Presentation on theme: "CE 547 Softening. What is Hardness Hardness is –the ability of the water to consume excessive amounts of soap before foaming –OR the ability of the water."— Presentation transcript:
What is Hardness Hardness is –the ability of the water to consume excessive amounts of soap before foaming –OR the ability of the water to produce scale in water heaters and boilers where water temperature is increased dramatically
Causes of Hardness Water hardness is principally caused by: Calcium ions Magnesium ions Strontium Iron ions Manganese ions Source of calcium and magnesium ions geological formations
Cations Causing Harness Anions Associated with them Ca 2+ HCO 3 - Mg 2+ SO 4 - Sr 2+ CL - Fe 2+ NO 3 - Mn 2+ SiO 3 2-
Types of Hardness Carbonate CO 3, HCO 3 Non-carbonate SO 4, Cl, NO 3
Water Hardness The maximum level of hardness considered for public supply is 300 to 500 mg/l, though many customers object to water harder than 150 mg/l. Disadvantages of hardness excessive soap consumption during laundering scale-formation in hot water heaters and pipes. The use of synthetic detergents and pipe linings can overcome those problems.
Hardness Ranges Hardness Concentration (mg/l) Degree of Hardness 60 – 120 Moderately Hard 120 – 180 Hard 180 and Over Very Hard
Softening In precipitation softening, lime (CaO) and soda ash (Na 2 CO 3 ) are used to precipitate calcium and magnesium form water. Lime treatment can also: kill bacteria remove iron help in clarification of surface water (coagulant) Lime treatment will raise the pH value, so recarbonation, by carbon dioxide, is used to lower the pH by converting the hydroxide and carbonate ions to bicarbonate ion.
Lime Lime is commercially available in the forms of: quicklime hydrated lime Quicklime available in granular form contains minimum of 90% CaO magnesium oxide is the primary impurity Hydrated Lime contains about 68% CaO Slurry lime is written as Ca(OH) 2.
CO 2 Carbon dioxide is: gascolorlessclear used to recarbonate lime-softened water produced by burning fuel such as coal, oil, or gas. applied through diffusers immersed in the treatment tank
Reactions From the reaction equations it can be seen that: lime reacts first with free carbon dioxide (eq. 1) next, lime reacts with calcium bicrarbonate (eq. 2) lime also reacts with magnesium carbonate and bicrabonate (eqs. 3 and 4) noncarbonate hardness (magnesium sulphate and chloride) requires the addition of soda ash for precipitation (eq. 5) noncarbonate hardness (calcium sulphate and chloride) requires the addition of soda ash only for precipitation (eq. 6)
Pros and cons of Softening Advantage of precipitation softening: the lime added is removed along with the hardness taken out of solution. TDS of the water are reduced the chemical reactions can be used to estimate the quantity of sludge produced. Disadvantage of precipitation softening: sodium ions, from the addition of soda ash, remain in the finished water
Recarbonation Recrabonation is used to stabilize lime-treated water, thus reducing its scale-forming potential. Carbon dioxide is used for the recarbonation process. It converts lime to calcium carbonate. Further recarbonation will convert carbonate to bicarbonate.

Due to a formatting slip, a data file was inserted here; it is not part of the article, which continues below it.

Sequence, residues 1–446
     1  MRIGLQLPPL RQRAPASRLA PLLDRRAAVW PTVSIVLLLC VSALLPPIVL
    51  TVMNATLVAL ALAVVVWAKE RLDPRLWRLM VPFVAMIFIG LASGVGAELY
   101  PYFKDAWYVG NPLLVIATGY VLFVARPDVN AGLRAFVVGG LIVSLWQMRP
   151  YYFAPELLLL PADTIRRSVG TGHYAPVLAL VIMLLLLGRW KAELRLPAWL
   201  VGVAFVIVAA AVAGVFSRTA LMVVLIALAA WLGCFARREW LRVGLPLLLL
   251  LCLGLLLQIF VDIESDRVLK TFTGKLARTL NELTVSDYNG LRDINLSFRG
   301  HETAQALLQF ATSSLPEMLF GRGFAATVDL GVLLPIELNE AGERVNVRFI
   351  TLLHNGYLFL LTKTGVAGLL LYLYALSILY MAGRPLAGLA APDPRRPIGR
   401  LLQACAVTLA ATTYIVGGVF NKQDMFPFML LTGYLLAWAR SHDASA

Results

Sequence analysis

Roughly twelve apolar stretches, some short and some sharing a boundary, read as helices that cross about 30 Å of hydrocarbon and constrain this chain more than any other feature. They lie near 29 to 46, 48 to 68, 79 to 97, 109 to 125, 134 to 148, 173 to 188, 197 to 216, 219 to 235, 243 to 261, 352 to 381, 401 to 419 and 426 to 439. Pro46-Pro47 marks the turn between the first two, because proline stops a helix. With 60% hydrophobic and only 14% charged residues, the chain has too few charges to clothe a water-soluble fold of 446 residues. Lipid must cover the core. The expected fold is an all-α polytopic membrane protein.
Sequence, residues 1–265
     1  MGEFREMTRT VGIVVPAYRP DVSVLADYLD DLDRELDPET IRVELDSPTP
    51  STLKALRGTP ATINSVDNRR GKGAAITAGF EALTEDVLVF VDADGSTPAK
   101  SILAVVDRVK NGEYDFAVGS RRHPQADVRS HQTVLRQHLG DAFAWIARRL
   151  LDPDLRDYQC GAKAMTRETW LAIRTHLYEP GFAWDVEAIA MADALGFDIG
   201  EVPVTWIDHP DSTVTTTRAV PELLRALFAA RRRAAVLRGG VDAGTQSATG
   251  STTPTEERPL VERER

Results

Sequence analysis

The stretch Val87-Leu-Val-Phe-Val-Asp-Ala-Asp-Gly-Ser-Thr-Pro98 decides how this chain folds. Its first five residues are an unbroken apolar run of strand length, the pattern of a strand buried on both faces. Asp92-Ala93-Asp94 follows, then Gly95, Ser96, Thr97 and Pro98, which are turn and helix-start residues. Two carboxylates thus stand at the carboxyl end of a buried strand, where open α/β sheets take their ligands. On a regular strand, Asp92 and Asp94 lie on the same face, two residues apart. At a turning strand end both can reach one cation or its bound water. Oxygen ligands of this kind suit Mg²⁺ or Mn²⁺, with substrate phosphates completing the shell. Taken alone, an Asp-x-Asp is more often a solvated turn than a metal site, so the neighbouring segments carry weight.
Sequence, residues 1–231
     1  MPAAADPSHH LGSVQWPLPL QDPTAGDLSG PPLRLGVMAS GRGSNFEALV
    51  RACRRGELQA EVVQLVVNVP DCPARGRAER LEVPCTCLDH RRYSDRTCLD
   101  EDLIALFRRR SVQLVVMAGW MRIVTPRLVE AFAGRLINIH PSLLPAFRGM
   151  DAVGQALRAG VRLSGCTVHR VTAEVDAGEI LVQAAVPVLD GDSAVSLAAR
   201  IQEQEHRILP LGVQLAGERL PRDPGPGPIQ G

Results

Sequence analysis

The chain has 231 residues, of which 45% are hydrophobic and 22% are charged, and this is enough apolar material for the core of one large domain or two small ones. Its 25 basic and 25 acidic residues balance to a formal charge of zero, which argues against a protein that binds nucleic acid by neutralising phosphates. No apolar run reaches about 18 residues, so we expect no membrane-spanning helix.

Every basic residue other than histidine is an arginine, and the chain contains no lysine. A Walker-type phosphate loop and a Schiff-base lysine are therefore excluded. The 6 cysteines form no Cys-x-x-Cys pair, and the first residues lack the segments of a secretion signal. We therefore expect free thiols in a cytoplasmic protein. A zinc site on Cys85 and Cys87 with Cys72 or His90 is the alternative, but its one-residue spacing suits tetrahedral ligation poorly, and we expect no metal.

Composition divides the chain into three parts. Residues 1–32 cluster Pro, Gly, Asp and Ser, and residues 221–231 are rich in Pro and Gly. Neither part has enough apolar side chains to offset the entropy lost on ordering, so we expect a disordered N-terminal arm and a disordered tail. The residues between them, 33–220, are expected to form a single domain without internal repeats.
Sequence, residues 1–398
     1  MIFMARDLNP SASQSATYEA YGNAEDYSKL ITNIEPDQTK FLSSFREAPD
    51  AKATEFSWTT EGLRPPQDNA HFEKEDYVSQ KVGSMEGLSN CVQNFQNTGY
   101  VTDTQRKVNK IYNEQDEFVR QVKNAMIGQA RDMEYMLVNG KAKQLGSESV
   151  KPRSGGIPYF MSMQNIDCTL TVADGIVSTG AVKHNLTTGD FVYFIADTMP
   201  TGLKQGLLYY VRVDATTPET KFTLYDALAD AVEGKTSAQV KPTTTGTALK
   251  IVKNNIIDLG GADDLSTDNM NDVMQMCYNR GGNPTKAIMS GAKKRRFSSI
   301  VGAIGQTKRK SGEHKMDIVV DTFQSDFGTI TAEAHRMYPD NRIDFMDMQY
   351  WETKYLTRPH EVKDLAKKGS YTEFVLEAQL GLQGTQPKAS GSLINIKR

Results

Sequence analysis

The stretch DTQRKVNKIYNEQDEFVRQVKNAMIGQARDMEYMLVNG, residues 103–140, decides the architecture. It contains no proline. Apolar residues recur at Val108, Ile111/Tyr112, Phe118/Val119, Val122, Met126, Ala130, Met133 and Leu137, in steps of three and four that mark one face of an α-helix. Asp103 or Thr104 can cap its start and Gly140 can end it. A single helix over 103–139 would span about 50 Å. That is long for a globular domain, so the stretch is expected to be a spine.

Excess Lime Softening Uses of Excess Lime Softening: to remove Ca and Mg to the practical limit of 40 mg/l excess lime addition is needed to remove magnesium In Excess Lime Softening: after excess lime addition, the water is flocculated and settled to remove CaCO 3 and Mg(OH) 2 precipitates After that, recarbonation is carried out in two stages in the first stage, CO 2 is added to lower the pH to 10.3 and converts excess lime to CaCO 3. water is then flocculated and settled if needed, soda ash is added at this stage to remove noncarbonate hardness In the second stage, CO 2 is added to further lower the pH to the range of 8.5 to 9.5 to convert most of the remaining carbonate ion to bicarbonate ion in order to stabilize the water against scale formation.
Selective Calcium Carbonate Removal If the water to be treated contains low concentration of magnesium (<40 mg/l as caCO 3 ), selective calcium carbonate removal can be used. Magnesium hardness of more than 40 mg/l as caCO 3 is not recommended due to the possible formation of hard magnesium silicate in high temperature waters (180 F) enough lime is added but not in excess soda ash may be used depending on the extent of noncarbonate hardness if precipitation of CaCO 3 is not satisfactory, alum or a polymer can be used to aid flocculation recarbonation is used to reduce scale formation on the filter and to produce stable water
Split-Treatment Softening Split-treatment softening is done by splitting the flow of the raw water into two lines, of different portions, for softening in a two-stage system the larger portion is given excess lime treatment in the first stage water is flocculated and settled treated water is mixed with split flow excess lime form the first stage reacts with calcium hardness of the split water soda ash is added to the second stage in this case, excess lime is used and not wasted, so recarbonation might not be necessary. Recarbonation is recommended to produce stable water Advantages: lime and recarbonation costs are lower than excess lime treatment possibility of reducing magnesium hardness to less than 40 mg/l